CHICAGO — Gloomy gray skies greeted the Miami football team as it landed Friday afternoon in Chicago.
A bit of mixed precipitation fell.
The ‘Canes were a long way from home.
But, for a team with the no-excuse mentality, this dose of northern exposure shouldn't cause any issues, coach Al Golden said earlier this week. By the 7:30 p.m. kickoff Saturday with No. 9 Notre Dame, the temperatures could dip into the high 30s at Soldier Field.
“I think we'll be alight,” Golden said. “I hope we're not to the point where we got to huddle around a heater. I hope we're just tough enough to go out and play. I don't mean that facetiously, I mean that. We're there for three-and-a-half, four hours against a top-10 team. If we have a team that's thinking about heaters at that time or looking to get sweatshirts or stuff, that's on me.”
Notre Dame, of course, was Miami's opponent the last time the Hurricanes encountered cold weather. There was snow in the El Paso area for the 2010 Sun Bowl. Most Miami players experienced the frozen flakes for the first time before the 17-13 loss, but that wasn't necessarily to blame for the poor showing.
That experience, just after the firing of Randy Shannon and before Golden took over, is a motivating factor for the veterans.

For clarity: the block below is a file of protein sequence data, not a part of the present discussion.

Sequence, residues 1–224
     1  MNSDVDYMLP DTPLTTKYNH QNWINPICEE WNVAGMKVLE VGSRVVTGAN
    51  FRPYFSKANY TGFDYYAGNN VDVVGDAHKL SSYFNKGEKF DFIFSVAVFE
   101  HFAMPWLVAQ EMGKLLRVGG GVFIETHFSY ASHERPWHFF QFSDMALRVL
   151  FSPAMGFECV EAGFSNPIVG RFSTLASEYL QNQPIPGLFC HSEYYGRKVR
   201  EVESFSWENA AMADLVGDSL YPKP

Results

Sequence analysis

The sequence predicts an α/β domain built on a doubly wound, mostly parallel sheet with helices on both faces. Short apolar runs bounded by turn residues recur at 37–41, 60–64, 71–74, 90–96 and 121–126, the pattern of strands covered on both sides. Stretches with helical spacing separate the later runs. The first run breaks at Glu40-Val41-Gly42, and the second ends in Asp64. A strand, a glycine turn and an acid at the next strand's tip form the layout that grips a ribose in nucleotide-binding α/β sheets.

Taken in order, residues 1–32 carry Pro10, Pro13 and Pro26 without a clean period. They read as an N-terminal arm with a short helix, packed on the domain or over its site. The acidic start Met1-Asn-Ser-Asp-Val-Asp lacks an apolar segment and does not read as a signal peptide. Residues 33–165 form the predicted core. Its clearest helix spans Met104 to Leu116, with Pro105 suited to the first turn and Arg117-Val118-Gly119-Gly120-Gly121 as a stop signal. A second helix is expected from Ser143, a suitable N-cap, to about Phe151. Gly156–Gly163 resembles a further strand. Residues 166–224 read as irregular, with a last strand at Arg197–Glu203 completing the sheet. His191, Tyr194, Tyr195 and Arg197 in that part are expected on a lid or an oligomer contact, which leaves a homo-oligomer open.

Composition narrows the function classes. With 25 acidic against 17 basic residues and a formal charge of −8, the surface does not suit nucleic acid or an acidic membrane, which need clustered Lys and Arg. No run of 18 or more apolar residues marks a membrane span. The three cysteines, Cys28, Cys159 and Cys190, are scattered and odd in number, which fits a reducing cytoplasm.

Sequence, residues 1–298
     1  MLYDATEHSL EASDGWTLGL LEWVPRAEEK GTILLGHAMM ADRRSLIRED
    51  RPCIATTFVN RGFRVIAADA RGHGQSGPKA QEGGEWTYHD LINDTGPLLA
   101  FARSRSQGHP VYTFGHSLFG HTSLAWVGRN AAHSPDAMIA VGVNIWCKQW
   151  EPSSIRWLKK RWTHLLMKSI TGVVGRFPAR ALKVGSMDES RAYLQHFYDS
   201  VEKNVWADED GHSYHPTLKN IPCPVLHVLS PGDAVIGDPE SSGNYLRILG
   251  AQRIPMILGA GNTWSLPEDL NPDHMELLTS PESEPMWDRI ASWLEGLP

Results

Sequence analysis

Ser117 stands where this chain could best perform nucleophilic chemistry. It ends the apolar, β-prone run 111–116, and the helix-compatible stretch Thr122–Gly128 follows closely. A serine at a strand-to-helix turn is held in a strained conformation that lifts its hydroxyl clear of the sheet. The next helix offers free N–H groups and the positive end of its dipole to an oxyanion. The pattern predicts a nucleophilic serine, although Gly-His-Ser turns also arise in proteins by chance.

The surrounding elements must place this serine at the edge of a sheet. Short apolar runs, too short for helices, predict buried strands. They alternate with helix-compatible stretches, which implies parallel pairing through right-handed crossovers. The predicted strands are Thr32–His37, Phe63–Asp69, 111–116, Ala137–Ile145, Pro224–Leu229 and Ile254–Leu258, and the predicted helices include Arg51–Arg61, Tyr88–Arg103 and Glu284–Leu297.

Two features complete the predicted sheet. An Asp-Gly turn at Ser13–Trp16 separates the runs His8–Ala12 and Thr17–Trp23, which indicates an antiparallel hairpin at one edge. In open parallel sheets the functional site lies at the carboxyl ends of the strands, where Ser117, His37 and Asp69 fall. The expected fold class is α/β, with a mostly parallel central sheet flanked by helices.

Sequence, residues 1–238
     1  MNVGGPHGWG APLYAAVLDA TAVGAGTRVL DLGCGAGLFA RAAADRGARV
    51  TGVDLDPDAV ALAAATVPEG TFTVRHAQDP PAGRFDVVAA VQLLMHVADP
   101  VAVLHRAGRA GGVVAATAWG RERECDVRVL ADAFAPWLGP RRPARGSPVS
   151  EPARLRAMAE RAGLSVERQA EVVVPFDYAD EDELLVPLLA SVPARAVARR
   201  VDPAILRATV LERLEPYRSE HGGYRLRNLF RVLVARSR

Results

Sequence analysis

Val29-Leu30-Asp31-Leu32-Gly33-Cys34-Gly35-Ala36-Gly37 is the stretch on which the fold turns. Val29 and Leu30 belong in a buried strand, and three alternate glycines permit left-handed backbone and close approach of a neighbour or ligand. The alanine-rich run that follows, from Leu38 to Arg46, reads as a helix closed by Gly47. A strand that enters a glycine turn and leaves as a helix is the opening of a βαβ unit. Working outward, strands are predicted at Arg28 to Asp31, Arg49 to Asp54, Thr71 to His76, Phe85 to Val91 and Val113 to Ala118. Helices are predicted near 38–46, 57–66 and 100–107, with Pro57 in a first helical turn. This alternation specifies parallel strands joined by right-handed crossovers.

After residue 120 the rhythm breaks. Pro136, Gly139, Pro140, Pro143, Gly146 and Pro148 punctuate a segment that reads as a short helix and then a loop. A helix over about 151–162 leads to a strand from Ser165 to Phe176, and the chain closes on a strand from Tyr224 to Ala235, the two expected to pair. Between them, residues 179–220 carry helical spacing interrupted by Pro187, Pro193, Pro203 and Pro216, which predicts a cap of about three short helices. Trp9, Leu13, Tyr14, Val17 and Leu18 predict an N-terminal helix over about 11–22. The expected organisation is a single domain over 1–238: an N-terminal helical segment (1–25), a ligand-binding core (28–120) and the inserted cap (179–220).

“Nobody was really into the game,” junior fullback Maurice Hagens said. “We weren't really there to win. . . It was just a different vibe.”
Cornerback Brandon McGee said his memories of that game faded long ago.
“I don't remember much,” he said. “But I know we lost.”
There could be a little more on the line this time. Facing the Irish in the regular season for the first time in 22 years, Miami (4-1) is on the verge of its first four-game winning streak since 2008. The year was 2009 when Miami last beat a Top-10 opponent (No. 8 Oklahoma, 21-20).
But there's something special about this once-great rivalry. Miami beat Notre Dame during six of the nine legendary meetings in the 1980s. The Irish won in the last October meeting, 29-20 in South Bend.
Playing in primetime on NBC wasn't creeping into players' mind earlier this week. Sticking with the company line, cornerback Thomas Finnie said “It seemed like a normal week for us.”
Playing in cold weather, Miami will need another fast start to set the tone. It outscored Georgia Tech and North Carolina State a combined 52-7 in the open quarters of the past two wins. But in this one, the Hurricanes' offensive strength plays right into the Irish wheelhouse.
Notre Dame has the third-best scoring defense in the country, allowing just nine points a game. Neither Michigan nor Michigan State - Notre Dame's last two opponents - found the end zone and the Irish hasn't trailed all season.
Still, neither game was a blowout. Notre Dame's weakness falls in line with Miami's. The 95th-ranked offense will meet the Hurricanes No. 114th-best defense. Miami allowed 36.5 points in the last two games, while Notre Dame scored just 16.5.
Whichever team finds an edge when the Irish have the ball could hold the upper-hand. And the weather won't have anything to do with it, Miami players promised.
“I mean, everybody has to play in (it),” McGee said. “Teams have to come down here and play in the heat.”
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